The National Custom and Self Build Association (NaCSBA) has announced that around 18,000 people have added their details to local authority self-build and custom registers to exercise their Right to Build.
Since the beginning of April 2016, all local authorities in England have been required to create an accessible demand register for self and custom build projects, allowing people and groups to state their interest in acquiring a plot to build their own home.
Legislation that came into effect on October 31 requires local authorities to provide enough serviced plots to meet the demand required by their registers.
NaCSBA chair Michael Holmes said that approximately 18,000 people, made up of a mixture of individuals and groups, have joined the self-build and custom registers, but it appears to be only the tip of the iceberg. Some councils have not set up their registers while others have only operated theirs for a few months. The potential is huge and if local authorities do deliver serviced plots in a timely manner, the Right to Build could be instrumental in meeting the government goal of building 20,000 self-build and custom-build homes by 2020.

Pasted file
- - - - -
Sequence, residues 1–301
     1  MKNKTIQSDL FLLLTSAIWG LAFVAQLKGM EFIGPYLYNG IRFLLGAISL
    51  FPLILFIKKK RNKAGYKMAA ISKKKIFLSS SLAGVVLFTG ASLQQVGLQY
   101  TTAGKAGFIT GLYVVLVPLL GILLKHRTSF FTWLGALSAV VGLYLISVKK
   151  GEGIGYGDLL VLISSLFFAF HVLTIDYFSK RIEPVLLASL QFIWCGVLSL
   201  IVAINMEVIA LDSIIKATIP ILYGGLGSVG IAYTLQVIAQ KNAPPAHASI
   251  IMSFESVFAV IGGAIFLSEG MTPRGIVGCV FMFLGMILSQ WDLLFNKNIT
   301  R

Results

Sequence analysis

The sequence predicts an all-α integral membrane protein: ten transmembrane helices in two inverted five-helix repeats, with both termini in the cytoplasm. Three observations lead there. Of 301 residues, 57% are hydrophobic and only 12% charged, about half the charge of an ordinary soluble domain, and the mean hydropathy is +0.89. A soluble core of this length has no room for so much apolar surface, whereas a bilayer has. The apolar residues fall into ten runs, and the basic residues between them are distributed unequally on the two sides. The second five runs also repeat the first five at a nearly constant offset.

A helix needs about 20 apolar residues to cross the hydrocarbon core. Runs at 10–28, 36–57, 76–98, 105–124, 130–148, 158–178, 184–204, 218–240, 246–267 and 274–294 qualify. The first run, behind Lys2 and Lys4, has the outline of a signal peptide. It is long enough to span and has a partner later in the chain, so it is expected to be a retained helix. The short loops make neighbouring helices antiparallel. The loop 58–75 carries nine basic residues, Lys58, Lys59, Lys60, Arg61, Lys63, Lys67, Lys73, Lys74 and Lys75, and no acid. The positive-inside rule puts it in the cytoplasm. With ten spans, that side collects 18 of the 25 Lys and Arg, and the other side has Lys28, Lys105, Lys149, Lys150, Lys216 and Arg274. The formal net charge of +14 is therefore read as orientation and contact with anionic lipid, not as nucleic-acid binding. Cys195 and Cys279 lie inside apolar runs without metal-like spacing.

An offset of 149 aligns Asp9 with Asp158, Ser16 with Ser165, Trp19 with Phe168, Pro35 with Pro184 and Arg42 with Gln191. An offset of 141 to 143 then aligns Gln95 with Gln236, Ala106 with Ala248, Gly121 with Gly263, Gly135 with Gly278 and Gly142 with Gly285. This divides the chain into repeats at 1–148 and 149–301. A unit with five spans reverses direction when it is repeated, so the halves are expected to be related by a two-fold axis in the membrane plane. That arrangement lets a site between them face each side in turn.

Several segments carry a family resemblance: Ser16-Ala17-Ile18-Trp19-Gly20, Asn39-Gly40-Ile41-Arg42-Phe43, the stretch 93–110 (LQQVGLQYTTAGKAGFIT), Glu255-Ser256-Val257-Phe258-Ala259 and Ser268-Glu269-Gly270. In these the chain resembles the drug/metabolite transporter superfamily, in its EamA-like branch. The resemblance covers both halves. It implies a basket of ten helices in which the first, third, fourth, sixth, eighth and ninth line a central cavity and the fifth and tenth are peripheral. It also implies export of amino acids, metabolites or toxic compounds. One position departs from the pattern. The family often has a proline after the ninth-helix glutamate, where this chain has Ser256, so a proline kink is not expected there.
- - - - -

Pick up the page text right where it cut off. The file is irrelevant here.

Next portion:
Mr Holmes said that local authorities have up to three years to grant a sufficient number of permissions for serviced plots to meet local demand. With increasing numbers of people registering, it is imperative that they start consenting these plots now to keep up with demand.
Richard Bacon, MP, said he was pleased by the numbers so far. He cited Cherwell Council, where over 2,000 people have joined its register.